Tips to being a virtual meeting rock star.
This is my first first blog post in about 8 years, but I hear it’s just like riding a bike.
The world has changed drastically since then–and even more so in just the last 7 months. One prominent change is the use of virtual calls/meeting spaces, such as Zoom or Google Meets.
It’s been used for business meetings, cocktail parties, classes, and virtual auditions. For those that are just slowly getting back into the game, or haven’t yet had to attend a virtual meeting in a professional sense–I wanted to give you some quick tips on how to look like a pro every time!
- If you don’t have your own Zoom/Google account, ensure you sign up for one–it’s free! Even if you are sharing a computer with someone else, you don’t need your potential boss or casting director to know that. You can do this on a laptop/computer or on a mobile device. Most recommend using the former so you can keep your hands free to take notes, or just to stay loose if you’re in an audition.
- Do a test run. Call up your buddy or a relative, and make sure that your internet connection is working properly. You want to figure it out early if your internet isn’t strong enough to keep a connection. You also want to ensure that your name is showing up correctly and not just something generic like “Laptop 9234” or worse, another person’s name entirely. Not having your name show up could cause extended periods in the waiting room, as the host struggles to figure out who your are–or worse, you could not be let into the meeting at all. Often times, hosts only want to allow those that are invited into the meeting, if your name doesn’t show up, they could just assume you’re not invited.
- Now, like all meetings, get there early. You’ll click on the link provided by the meeting host. Then you will likely be put in a waiting room to be added in once the host is ready. This will give you a chance to ensure your camera and audio is set up properly. Have the webcam angled as close to eye level as possible. You don’t want it too high so people are looking down at you, but you also don’t want it too low so people are looking up your nose. Headphones are usually recommended, but not necessary–especially if it’s an audition.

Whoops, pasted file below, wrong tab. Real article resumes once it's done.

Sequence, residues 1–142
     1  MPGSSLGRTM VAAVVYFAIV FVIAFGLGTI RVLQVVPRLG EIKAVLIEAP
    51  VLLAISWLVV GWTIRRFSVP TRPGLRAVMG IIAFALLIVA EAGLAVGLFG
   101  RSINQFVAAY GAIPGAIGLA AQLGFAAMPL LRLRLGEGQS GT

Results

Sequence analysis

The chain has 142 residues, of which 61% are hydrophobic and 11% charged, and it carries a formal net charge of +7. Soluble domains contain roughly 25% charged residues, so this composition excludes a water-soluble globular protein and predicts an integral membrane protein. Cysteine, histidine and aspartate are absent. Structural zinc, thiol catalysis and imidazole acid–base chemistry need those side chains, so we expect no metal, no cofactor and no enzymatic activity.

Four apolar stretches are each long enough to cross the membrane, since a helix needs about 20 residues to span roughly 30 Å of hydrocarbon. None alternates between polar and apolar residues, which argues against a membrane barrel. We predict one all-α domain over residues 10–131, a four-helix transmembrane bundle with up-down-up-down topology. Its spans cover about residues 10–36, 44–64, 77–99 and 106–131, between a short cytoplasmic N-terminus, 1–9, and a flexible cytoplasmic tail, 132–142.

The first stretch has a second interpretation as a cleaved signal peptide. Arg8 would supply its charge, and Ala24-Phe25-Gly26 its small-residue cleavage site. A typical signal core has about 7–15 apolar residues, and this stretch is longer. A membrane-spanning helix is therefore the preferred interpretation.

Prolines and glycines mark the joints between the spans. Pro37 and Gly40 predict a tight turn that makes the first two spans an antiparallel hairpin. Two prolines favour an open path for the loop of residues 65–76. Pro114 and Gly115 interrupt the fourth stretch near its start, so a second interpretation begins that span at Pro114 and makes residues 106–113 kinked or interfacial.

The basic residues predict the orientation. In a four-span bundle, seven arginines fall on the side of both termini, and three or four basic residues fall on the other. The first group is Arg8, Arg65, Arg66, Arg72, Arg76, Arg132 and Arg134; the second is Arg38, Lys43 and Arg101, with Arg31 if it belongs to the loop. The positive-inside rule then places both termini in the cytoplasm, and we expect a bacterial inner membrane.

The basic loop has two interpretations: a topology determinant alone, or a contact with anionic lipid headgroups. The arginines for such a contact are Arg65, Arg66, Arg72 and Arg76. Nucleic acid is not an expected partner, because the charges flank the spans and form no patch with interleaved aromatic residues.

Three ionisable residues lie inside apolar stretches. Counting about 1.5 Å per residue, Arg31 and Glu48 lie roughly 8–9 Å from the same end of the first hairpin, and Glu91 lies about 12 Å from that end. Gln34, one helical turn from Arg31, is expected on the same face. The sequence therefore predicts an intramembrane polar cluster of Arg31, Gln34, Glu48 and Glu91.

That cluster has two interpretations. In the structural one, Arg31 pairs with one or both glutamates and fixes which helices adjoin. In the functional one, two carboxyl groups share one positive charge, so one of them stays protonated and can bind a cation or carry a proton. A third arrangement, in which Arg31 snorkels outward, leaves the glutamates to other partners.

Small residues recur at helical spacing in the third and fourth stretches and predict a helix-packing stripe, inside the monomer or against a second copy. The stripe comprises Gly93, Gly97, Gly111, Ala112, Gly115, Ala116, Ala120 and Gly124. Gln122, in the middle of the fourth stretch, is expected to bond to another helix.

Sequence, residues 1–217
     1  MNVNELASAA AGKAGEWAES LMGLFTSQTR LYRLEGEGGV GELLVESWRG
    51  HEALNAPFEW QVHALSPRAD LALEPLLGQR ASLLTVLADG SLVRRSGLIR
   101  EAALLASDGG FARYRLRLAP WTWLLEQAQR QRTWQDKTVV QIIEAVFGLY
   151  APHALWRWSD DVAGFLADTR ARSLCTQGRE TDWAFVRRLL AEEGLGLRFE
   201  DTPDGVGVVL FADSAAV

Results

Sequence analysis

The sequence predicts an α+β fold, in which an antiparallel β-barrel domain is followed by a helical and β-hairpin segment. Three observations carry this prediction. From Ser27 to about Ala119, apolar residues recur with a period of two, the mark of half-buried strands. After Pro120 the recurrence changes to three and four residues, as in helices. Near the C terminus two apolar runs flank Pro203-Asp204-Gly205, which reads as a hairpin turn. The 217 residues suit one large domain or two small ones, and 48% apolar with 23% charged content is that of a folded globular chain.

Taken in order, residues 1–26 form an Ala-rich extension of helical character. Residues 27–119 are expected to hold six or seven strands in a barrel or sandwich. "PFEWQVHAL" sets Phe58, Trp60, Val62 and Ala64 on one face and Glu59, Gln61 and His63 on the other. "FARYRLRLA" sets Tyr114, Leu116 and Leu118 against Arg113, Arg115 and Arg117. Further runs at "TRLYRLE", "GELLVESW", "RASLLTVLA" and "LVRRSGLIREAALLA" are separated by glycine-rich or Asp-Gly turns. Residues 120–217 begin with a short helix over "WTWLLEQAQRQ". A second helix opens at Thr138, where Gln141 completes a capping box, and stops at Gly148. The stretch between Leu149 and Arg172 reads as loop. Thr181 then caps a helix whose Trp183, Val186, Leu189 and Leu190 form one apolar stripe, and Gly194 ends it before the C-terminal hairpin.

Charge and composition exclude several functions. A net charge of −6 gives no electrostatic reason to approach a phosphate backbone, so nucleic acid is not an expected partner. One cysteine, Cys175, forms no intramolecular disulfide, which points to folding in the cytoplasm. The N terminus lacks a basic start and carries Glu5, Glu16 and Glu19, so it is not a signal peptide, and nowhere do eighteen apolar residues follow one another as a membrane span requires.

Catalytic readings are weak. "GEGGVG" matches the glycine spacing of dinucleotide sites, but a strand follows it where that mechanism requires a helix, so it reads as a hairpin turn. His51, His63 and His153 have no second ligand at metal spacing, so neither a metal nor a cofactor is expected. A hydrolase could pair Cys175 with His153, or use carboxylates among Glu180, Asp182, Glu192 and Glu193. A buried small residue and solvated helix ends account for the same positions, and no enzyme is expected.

- You’ve made it! It’s a bit awkward at first, but just smile and say hello. If you’re entering as others are speaking, you can just do a wave until invited to speak. If you start speaking at the same time as someone else, it will cut them off. Not a good first impression. If you will not be speaking for the time being, try to stay as quiet as possible. The mute button is your friend! Don’t be afraid to mute yourself so that any sound you may unintentionally make (opening a pop can, cough/sneeze, shifting of your equipment) won’t cut off someone else mid sentence. Your mic is very sensitive. But pay attention–when it is your turn, you’ll have to unmute to talk.
- Feel free to stop your video if you need. There will be times where you maybe need to blow your nose, or your dog/child runs up to you, or you need to leave to use the washroom. You can stop your video, but still see hear everyone else. It just allows others to continue to pay attention to what’s actually going on, rather than getting distracted by what you’re doing. I don’t know how many times I’ve seen way too much of a person’s personal grooming or family conversations that have taken me away from concentrating on the speaker. PEOPLE CAN SEE YOU!
And that’s it for starters! Comment below if you’d like to see more advanced Zoom tips, such as how to change the photo of you for when you do turn off your video, how to easily change your screen name, how to amp up your internet connection, or how to change the level of your webcam to to achieve the perfect angle.